Phone Scoop

printed November 27, 2014
See this page online at:
http://www.phonescoop.com/articles/article.php?a=10456

Home  ›  News  ›

AT&T Wants Device Subsidies to Be As Low As Possible

Article Comments  17  

May 17, 2012, 12:07 PM   by Eric M. Zeman

AT&T Mobility CEO Ralph de la Vega told investors at the JPMorgan Global Technology, Media and Telecom Conference today that the company is doing what it can to offer devices with low subsidies. "We have to watch subsidies and make sure that we bring devices to market that customers love and will keep and have low subsidies," he said. In the U.S., wireless network operators often subsidize the cost of handsets for customers who sign new contracts. Customers are then able to afford a decent device, and the carrier recoups the subsidy over the life of the contract. de la Vega cited the Nokia Lumia 900 and HTC One X as good examples of devices with low subsidy points. "These are great devices that I think customers will like," de la Vega said. The full retail price of the Lumia 900, for example, is $449. AT&T sells it for $99, meaning it subsidizes $350 of the device cost. The iPhone 4S, however, costs $649 at full retail (16GB version). AT&T sells it for $199, meaning it subsidizes $450 of the device cost. Keeping device subsidies low will help AT&T reduce its margins and other costs. de la Vega also reiterated that the company is working to offer shared data plans later this year, which he believes will help increase sales of tablets.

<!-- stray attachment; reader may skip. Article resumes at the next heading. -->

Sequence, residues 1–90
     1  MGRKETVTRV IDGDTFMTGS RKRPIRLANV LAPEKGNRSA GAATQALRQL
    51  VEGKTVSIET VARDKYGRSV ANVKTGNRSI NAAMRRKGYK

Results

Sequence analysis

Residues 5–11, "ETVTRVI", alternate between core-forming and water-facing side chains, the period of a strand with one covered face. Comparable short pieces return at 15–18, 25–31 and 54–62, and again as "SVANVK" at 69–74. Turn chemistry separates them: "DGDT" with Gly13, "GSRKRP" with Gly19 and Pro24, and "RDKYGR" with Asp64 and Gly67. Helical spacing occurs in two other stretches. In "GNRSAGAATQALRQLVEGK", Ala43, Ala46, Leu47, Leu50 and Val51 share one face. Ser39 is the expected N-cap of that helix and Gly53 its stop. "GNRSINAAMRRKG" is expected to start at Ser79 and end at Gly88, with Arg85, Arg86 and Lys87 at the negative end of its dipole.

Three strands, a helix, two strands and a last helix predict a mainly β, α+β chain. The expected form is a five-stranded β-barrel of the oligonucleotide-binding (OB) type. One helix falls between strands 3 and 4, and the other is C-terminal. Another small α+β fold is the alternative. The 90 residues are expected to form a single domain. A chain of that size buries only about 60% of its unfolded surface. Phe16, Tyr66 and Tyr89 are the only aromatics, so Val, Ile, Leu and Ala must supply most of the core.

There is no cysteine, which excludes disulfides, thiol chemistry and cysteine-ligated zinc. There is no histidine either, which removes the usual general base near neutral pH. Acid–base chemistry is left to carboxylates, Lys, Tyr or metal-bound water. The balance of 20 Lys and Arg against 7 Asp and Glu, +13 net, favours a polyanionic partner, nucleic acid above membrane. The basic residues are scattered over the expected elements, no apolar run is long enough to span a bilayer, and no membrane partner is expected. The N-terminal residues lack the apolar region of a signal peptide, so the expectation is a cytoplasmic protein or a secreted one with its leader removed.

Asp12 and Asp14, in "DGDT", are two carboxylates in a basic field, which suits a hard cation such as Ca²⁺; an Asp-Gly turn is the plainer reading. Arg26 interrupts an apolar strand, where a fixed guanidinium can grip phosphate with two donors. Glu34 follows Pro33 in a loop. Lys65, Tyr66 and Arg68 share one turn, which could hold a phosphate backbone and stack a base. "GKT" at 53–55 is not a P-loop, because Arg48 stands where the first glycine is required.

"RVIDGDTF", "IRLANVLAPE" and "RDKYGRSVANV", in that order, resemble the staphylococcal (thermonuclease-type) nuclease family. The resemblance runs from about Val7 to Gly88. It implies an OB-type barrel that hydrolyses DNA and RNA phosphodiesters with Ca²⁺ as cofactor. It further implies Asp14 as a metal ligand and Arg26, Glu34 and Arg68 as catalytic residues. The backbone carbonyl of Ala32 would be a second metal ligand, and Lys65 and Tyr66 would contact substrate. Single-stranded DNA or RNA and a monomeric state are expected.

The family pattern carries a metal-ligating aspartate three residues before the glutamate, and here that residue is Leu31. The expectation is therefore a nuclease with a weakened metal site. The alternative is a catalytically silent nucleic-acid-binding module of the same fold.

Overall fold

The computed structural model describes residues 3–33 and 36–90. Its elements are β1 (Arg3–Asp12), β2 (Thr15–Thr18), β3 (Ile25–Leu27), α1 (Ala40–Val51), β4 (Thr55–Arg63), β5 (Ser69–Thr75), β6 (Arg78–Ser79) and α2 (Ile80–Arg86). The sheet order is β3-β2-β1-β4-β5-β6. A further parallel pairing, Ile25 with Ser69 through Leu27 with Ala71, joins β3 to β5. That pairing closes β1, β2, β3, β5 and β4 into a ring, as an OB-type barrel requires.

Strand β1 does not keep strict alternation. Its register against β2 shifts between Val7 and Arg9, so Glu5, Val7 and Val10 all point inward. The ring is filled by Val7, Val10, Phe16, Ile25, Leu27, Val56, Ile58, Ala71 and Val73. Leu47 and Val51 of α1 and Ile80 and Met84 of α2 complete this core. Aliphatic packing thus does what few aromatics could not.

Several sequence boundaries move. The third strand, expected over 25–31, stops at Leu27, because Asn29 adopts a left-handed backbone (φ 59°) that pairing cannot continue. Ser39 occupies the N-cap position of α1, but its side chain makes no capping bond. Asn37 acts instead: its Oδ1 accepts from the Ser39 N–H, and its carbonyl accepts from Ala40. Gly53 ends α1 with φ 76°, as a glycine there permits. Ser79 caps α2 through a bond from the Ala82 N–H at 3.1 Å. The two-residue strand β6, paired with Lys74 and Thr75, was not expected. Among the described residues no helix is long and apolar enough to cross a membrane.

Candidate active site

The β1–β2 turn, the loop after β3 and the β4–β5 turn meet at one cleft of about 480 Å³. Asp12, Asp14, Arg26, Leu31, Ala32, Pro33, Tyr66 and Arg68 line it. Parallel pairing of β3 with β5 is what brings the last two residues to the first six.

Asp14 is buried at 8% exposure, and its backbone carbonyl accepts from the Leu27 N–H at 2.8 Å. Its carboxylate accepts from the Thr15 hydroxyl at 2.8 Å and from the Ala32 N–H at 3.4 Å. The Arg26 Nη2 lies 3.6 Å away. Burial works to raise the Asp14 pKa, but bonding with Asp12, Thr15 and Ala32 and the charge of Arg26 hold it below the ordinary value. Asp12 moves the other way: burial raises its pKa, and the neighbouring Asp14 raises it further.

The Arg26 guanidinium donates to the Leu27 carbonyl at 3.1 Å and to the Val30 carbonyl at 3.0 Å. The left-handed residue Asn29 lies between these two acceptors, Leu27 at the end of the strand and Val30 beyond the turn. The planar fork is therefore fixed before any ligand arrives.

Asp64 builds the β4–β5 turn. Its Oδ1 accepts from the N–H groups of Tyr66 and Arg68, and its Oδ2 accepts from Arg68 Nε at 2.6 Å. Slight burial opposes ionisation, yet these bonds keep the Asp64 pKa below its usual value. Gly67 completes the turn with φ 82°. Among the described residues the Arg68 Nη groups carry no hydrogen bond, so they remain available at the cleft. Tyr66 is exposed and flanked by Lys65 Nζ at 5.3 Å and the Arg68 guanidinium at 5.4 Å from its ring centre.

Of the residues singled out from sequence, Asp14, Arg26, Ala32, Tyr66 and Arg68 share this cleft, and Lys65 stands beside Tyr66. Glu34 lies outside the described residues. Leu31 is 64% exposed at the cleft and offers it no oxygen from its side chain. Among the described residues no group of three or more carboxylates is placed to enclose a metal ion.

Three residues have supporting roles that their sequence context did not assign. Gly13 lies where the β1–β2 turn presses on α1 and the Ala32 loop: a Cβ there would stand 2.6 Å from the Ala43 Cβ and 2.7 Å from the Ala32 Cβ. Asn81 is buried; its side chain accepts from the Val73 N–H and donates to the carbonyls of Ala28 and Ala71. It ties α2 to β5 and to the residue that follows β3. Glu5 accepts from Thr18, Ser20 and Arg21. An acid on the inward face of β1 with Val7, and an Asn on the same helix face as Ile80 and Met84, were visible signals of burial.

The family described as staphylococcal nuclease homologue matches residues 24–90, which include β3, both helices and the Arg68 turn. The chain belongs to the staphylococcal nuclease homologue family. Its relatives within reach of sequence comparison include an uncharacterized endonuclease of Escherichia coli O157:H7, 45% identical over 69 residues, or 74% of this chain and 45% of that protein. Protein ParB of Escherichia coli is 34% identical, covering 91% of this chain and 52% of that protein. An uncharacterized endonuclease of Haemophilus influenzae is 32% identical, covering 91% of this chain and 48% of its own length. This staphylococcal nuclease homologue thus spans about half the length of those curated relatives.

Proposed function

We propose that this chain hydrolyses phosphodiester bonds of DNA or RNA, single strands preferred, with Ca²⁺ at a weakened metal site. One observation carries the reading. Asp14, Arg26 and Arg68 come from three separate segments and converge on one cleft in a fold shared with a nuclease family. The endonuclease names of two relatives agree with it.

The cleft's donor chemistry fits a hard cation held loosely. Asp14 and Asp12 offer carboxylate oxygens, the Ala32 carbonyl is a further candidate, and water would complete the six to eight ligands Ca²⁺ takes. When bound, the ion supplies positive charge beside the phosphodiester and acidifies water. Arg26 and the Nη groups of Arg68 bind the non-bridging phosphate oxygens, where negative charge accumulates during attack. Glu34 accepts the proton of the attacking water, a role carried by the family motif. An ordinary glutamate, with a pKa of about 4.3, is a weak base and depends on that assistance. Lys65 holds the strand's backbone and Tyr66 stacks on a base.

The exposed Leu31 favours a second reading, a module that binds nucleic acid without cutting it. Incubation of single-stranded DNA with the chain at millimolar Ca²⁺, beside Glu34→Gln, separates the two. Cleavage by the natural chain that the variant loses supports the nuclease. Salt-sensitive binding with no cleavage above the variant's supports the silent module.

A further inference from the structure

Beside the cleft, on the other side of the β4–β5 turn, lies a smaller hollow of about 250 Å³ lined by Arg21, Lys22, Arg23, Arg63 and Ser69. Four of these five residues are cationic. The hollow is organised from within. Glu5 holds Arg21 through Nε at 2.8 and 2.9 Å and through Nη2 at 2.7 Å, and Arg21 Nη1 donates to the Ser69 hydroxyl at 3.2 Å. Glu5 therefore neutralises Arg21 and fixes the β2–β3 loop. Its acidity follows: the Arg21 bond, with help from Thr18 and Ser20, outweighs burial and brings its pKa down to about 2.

more info at Fierce Wireless »

AD

Comments

Forum Options

This forum is closed.


Subject Author Date
Why not end subsidies? kingstu May 17, 2012, 3:06 PM
In Other News... crood May 17, 2012, 1:32 PM
 
 
Page  1  of 1

This forum is closed.

Subscribe to Phone Scoop News with RSS Follow @phonescoop on Twitter Phone Scoop on Facebook Phone Scoop on Google+ Subscribe to Phone Scoop on YouTube Follow on Instagram

 

All content Copyright 2001-2014 Phone Factor, LLC. All Rights Reserved.
Content on this site may not be copied or republished without formal permission.
2